How Our Fathers Further Us

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Today is Father’s Day, and while so many take the opportunity to pause, reflect on, and honor their dad, it isn’t a celebration for everyone.


I’d like to share with you a little about my own father, who played a major role in accelerating my journey toward who I was to become. From helping me ride my first bike to eventually supporting my ideas and dreams, I always felt his love, and I went further because of that love. I believe that he did, too.


Yet our relationship had its challenges.


When I told my dad that I was going to be an author and write books for the world, he sarcastically said, “Dream on, kid!”


So, I did.


I dreamed. I created. I wrote the books.


And I taught myself how to live a juicy, wildly succulent life!


(I’d love to support YOU in doing the same, through my all-new course, Succulent Wild Woman: Your Magical Life Blueprint for More Creativity, Love and Joy. You can enroll here.)


It can be challenging to either participate in or ignore the holiday called “Father’s Day” if your father or father figure is/was any of the following: difficult, distant, absent, challenging, abusive, lost, mentally disordered, unloving, or rageful.


The truth is, the imprint of challenging fathers calls for a lifetime of integration.


That’s why I decided to create a new holiday tradition, and I’m calling it “Furthers Day.”


It’s an acknowledgment of how many fathers further great things—and you can carry that furthering even further, even if there are, or were, challenging aspects of your relationship.


My dad did a lot of fabulous furthering, as we were challenged by the difficulties of relating to, and loving, each other: 


When he was absent for so much of my childhood, I learned how to love myself.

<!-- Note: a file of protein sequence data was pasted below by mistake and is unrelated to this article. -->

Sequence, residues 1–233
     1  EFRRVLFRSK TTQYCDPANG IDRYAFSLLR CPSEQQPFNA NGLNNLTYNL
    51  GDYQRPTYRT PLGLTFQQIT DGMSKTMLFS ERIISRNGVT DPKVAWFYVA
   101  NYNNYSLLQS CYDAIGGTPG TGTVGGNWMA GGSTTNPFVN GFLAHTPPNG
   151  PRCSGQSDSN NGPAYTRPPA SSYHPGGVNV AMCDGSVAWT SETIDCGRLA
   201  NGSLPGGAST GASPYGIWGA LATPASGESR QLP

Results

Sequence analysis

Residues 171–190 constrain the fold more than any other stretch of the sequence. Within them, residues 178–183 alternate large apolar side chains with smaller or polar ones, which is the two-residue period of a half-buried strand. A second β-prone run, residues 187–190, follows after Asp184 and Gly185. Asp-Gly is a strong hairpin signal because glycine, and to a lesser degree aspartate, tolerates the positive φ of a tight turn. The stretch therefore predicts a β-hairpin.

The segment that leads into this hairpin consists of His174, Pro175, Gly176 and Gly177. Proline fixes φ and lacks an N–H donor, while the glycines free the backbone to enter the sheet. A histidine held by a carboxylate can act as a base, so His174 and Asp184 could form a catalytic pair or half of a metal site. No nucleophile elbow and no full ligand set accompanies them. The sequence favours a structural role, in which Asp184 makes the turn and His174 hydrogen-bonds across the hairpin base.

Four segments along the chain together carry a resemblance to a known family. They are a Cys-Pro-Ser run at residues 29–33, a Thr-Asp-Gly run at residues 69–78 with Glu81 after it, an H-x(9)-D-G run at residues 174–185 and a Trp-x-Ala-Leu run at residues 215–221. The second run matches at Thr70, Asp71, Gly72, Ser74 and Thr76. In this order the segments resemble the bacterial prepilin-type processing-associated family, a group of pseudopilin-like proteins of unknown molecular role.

When he couldn’t express or share his feelings, I created innovative ways to feel and express mine and help others to do the same.


I went further, because of the challenges of our relationship.


In fact, my dad helped me further so many good things in my life!


Witnessing his 46-year marriage to my mother, he furthered my love of myself and belief in partnership. More of a “secret investor” in my projects behind the scenes, his reticence to show his love furthered my insistence that we speak of and show it.


After eventually clearing up so many grudges and withholdings of love, I shared this quote with him. It also became the primary way I learned to further love my dad, after he physically departed in 1996: 


“And throughout all eternity, I forgive you; you forgive me.” – William Blake


A note here about forgiveness: I do not believe it’s necessary to forgive, in order to love. I also believe that people rush to forgive as a form of spiritual bypassing to avoid feeling all the feelings first. Forgiveness happens over time, and in layers, as we disentangle from embodied memories and experiences we had.


Perhaps you can relate. Even if it’s not around your father, we’ve all had people in our lives who we have either chosen to forgive, or not.